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Purser Discusses the Impact of Short-Duration Strikes in Bloomberg Law Article

February 28, 2023


Gretchen Purser

Gretchen Purser

Workers are increasingly using a different tactic to pressure employers and grab headlines: walking out for one day, and clocking in the next morning. One-day strikes nearly doubled in 2022 compared with the previous year, according to a report released last week by Cornell University’s School of Industrial and Labor Relations. 

The so-called “fixed-duration” strike was popularized over the last decade by the Fight For $15 movement that pressed McDonald’s and other companies to raise their minimum wage to at least $15 an hour. The strategy has spread to workers in other sectors, such as health care and retail chains.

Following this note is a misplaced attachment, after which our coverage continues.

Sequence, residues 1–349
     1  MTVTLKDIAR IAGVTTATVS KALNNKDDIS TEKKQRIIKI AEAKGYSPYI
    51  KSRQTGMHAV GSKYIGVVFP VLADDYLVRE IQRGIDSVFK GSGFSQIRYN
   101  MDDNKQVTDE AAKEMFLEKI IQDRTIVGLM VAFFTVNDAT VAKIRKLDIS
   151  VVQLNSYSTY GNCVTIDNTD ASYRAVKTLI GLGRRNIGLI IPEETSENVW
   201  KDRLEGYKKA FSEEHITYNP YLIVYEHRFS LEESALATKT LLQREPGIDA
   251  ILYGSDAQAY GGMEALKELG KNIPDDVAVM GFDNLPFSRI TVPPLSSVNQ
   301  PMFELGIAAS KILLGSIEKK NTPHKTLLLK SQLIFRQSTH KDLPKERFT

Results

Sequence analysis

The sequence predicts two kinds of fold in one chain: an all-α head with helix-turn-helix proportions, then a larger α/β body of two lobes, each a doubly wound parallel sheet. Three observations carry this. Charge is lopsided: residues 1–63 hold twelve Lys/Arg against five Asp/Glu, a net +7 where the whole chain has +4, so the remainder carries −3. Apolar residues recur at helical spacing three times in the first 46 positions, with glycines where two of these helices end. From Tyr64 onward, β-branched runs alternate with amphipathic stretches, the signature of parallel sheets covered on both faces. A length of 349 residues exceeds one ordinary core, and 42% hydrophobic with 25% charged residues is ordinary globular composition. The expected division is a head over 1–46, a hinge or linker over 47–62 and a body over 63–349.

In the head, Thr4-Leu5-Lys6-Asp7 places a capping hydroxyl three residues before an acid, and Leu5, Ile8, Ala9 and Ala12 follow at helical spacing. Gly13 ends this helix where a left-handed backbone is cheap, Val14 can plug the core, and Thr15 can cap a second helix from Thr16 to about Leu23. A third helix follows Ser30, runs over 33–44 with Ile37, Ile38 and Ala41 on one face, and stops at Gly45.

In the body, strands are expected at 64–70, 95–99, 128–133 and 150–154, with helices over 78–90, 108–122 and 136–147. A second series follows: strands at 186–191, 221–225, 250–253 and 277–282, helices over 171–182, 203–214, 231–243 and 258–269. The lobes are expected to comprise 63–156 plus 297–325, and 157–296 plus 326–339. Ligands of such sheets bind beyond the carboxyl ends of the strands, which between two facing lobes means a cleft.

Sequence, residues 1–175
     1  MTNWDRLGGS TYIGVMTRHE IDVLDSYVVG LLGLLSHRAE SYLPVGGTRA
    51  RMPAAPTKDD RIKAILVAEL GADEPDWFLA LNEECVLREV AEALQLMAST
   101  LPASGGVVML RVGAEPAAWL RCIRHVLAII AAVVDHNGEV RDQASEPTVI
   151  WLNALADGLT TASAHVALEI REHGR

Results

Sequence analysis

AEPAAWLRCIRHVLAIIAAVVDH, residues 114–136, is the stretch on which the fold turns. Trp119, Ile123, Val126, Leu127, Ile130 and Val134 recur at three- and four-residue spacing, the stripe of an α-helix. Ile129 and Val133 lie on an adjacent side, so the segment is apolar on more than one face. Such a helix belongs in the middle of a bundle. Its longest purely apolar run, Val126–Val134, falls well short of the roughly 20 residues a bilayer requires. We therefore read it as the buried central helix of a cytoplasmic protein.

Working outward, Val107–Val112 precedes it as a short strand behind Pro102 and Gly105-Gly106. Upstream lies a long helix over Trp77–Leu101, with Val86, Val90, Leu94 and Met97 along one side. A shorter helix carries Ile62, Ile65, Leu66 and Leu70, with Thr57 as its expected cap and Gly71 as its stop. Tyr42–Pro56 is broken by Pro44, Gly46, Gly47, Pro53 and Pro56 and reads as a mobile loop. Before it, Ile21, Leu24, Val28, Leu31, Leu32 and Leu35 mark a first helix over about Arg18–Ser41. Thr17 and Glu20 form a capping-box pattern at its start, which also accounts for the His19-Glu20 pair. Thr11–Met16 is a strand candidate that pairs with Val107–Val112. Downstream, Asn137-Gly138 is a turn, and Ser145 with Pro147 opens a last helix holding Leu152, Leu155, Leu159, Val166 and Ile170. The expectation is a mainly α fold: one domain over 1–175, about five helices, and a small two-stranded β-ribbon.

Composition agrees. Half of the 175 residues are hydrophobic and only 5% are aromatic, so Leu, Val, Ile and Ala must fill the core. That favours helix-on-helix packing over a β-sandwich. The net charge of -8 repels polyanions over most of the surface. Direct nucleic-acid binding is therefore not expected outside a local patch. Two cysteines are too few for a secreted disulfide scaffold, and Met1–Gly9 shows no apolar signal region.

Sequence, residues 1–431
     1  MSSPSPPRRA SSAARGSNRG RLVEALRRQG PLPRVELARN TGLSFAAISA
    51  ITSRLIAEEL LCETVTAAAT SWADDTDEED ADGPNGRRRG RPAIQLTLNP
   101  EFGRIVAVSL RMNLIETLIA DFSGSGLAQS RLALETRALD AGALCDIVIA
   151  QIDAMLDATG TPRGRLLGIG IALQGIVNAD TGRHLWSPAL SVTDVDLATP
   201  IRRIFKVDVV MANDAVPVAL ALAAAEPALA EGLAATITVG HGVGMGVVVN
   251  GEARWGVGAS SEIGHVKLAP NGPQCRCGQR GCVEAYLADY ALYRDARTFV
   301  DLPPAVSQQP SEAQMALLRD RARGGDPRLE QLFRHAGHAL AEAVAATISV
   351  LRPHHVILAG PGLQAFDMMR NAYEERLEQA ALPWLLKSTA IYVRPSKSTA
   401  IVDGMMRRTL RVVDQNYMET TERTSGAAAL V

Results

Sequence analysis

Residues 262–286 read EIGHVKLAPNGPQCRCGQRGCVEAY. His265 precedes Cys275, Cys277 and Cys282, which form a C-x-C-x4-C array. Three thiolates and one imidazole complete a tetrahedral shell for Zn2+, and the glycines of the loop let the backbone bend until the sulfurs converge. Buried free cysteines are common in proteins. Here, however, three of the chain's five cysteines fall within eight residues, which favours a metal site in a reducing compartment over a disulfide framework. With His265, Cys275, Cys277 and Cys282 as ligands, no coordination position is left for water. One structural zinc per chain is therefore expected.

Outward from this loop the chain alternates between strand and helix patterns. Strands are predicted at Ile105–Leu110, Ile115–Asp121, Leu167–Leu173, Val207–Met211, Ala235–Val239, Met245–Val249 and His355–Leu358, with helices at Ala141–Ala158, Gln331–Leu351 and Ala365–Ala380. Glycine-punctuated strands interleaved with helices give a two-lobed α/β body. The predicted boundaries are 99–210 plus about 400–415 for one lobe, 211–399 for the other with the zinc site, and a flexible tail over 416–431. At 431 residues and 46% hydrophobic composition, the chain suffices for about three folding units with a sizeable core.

Short-duration strikes can be a powerful tool because they immediately raise awareness of workers’ demands, says Gretchen Purser, associate professor of sociology.

“They capture the attention of management in a much more dramatic way than other forms of action and negotiation,” Purser says. “They’re showing the capacity for the workers to take collective action.”

Read more in the Bloomberg Law article, “Punching In: DOL Sets Goal to Get ‘Good Jobs’ to the South.”

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